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While most people are familiar with the concept of pairing food and wine, it’s definitely something that is easier said than done. What is it about the wine or about the food that determines if they are a good match, and what does a good pairing actually taste like? This week, Table & Thyme is using experience and event catering industry knowledge to cover the basics of wine pairing and how to master the flavors of every event’s menu!
Wine and food have a lot of differences…surprising, right? In fact, ‘wine’ itself is too general a term to truly encompass the scope of everything that wine pairing has to consider to be successful. Before getting into the mechanics of how to match up (or contrast) the flavors of wine and the foods being served, there are a few basic concepts and understandings that need to be addressed to prevent a disastrous pairing.
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Before it can be paired with anything, wine has to be understood on its own. It’s common knowledge that wine is an alcoholic drink made from the fermented juice of grapes, but how are there so many varieties, and what is it that sets them apart?
Turns out, there are a variety of grapes that are used to make wine that can change its flavor, body, color, and more! There are other factors that play a part in the distinction of wine varieties and characteristics, such as the region from which the grapes are harvested, the method of crushing and pressing the grapes, how the juice is fermented, and how it is aged and bottled, as well. All of these things work in conjunction to create an array of wines with unique flavor profiles and pairings!
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There’s much more to wine than simply choosing between red and white. In fact, there are six types of wine to consider when deciding what to pair with a particular meal that are distinguished by much more than their coloring. The main types of wine to choose from are:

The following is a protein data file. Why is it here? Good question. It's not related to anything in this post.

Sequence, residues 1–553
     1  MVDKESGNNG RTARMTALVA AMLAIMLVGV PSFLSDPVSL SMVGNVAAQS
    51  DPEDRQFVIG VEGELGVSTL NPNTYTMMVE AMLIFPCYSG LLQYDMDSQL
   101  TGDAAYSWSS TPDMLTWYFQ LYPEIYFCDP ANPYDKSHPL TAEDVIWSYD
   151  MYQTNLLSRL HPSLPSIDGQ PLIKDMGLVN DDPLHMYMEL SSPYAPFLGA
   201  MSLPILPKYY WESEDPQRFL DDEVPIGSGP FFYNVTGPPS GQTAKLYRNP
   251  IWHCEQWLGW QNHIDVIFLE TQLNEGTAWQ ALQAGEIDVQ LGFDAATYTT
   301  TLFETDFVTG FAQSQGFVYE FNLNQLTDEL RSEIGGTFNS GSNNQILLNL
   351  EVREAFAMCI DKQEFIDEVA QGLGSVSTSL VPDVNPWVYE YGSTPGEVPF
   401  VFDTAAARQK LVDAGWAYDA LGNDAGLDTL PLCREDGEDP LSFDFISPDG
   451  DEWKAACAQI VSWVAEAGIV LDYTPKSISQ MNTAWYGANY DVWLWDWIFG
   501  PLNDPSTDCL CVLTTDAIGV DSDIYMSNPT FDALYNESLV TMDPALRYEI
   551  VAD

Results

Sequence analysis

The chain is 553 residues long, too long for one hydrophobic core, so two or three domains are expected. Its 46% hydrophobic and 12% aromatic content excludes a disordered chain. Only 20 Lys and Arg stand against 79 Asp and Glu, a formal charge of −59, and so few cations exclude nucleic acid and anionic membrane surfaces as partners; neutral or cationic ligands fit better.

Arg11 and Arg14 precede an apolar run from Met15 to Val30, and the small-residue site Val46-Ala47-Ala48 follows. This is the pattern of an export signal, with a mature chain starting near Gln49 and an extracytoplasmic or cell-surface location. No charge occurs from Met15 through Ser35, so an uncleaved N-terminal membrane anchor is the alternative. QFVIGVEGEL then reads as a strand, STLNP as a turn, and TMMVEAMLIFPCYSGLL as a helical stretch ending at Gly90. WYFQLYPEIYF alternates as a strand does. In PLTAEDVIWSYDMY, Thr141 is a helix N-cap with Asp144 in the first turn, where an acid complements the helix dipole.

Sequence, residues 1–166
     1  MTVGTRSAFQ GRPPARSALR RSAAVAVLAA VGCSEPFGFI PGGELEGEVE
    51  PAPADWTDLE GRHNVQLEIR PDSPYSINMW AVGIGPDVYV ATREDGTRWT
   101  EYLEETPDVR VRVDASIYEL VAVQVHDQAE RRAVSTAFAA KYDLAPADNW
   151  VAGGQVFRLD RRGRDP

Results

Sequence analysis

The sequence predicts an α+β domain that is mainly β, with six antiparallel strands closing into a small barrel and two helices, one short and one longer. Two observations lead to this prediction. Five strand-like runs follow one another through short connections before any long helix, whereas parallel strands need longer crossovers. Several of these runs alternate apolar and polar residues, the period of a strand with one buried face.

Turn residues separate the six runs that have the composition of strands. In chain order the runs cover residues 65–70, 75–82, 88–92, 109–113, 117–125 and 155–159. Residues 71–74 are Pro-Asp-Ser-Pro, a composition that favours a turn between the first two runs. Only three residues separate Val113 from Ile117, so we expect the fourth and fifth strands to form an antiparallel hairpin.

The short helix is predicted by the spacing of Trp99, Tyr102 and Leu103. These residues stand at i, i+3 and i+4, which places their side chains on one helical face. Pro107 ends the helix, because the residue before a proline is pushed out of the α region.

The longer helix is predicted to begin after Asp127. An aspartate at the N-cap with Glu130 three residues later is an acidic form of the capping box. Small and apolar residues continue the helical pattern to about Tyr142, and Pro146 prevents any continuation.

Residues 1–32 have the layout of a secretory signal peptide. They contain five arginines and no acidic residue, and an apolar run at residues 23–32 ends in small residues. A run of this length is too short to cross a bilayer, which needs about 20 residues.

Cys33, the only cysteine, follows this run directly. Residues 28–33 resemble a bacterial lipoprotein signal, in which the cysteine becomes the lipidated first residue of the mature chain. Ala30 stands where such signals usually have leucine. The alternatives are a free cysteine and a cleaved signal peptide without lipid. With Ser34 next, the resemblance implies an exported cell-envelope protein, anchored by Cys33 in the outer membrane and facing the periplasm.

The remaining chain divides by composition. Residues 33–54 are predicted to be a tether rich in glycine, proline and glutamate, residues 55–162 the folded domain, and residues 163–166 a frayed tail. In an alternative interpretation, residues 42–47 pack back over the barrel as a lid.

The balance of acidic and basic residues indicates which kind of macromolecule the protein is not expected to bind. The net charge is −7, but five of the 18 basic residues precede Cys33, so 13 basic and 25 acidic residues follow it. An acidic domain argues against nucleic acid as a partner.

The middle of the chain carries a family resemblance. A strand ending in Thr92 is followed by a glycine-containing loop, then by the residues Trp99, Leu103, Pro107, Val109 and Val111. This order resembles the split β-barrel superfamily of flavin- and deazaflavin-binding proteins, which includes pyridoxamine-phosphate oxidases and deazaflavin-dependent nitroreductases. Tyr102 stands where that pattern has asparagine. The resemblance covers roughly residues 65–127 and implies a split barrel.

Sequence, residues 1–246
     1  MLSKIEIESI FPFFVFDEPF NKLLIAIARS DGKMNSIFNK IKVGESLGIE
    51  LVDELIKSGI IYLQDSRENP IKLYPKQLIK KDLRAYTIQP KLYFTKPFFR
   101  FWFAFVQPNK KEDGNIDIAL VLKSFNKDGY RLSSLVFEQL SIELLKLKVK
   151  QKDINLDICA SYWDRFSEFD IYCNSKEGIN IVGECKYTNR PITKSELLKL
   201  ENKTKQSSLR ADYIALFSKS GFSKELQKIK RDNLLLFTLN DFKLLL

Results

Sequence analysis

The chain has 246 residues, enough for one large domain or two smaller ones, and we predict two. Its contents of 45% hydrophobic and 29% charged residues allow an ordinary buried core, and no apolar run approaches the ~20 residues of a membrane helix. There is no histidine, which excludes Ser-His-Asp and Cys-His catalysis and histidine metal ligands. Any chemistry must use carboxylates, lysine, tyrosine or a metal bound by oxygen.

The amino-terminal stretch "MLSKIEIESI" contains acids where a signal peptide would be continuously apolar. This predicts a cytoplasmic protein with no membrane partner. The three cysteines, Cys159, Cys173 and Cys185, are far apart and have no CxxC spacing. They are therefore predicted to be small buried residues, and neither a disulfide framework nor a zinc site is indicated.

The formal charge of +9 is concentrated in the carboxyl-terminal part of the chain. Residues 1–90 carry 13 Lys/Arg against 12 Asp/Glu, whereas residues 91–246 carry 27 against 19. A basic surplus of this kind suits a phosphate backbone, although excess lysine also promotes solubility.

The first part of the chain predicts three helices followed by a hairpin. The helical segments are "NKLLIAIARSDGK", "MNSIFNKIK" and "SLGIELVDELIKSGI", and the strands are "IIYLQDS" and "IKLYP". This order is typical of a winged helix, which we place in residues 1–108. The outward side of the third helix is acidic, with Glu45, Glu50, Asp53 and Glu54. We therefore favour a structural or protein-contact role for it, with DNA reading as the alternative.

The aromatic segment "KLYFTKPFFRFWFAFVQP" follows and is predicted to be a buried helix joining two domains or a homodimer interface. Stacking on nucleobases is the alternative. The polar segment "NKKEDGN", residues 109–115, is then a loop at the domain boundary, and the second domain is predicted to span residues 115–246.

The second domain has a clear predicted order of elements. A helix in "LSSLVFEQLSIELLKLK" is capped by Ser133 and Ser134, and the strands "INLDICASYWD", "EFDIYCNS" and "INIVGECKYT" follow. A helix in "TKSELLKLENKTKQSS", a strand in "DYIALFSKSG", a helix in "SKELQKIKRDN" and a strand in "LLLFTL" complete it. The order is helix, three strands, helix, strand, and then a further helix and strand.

Each type of wine is characterized by a unique integration of qualities and is further categorized by varieties within the type.
Red wine, for example, is made from darker grape varieties and typically has a sourness or bitterness to it. Varieties of red wine include Cabernet Sauvignon, Merlot, Pinot Noir, and Zinfandel.
White wine, however, is made without the skin of the grapes, which results in the yellow and yellowish-green coloration, as opposed to the burgundy and violet coloring of red wine. White wine is often described as having citrus and floral notes and is overall a much lighter and crispier wine to drink. Varieties of white wine include Chardonnay, Sauvignon Blanc, Pinot Grigio, and Riesling.
Rosé is a popular wine that features fresh and fruity flavors with a blushing light pink coloration. Many people believe the pink comes from a mixture of red and white wine, but in reality, rosé is made by incorporating a small amount of grape skin which results in the color. Varieties of rosé are labeled as such and can include variations of wines including Provence Rosé, Zinfandel Rosé, Cabernet Sauvignon Rosé, and more.
Sparkling Wine is exactly what it sounds like, a wine that is carbonated. This fuzzy and bubbly type of wine features a range of flavors from fruity and citrusy to nutty with notes of vanilla. People enjoy sparkling wines such as Champagne and Prosecco for special events and oftentimes in special glasses, as well.
Dessert Wine includes a large range of characteristics. They may be flat, like red or white wine, or they may be fizzy like sparkling wine. They can come in a range of colors, but the shared characteristic that classifies them as dessert wines is that they are sweet. This includes Icewine and Moscato.
Fortified Wine is a unique collaboration of wine with distilled spirits. The flavors, therefore, rely on the spirits used to make each variety and include drinks such as Port, Sherry, and Marsala.
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Now that the basics of wine have been covered, it’s time to break down the process of pairing. When it comes to pairing wine and food, it’s important to note that ‘pairing’ is about much more than finding ‘what goes well together.’ Understanding why things go together will help you to determine which method of pairing would best suit your needs.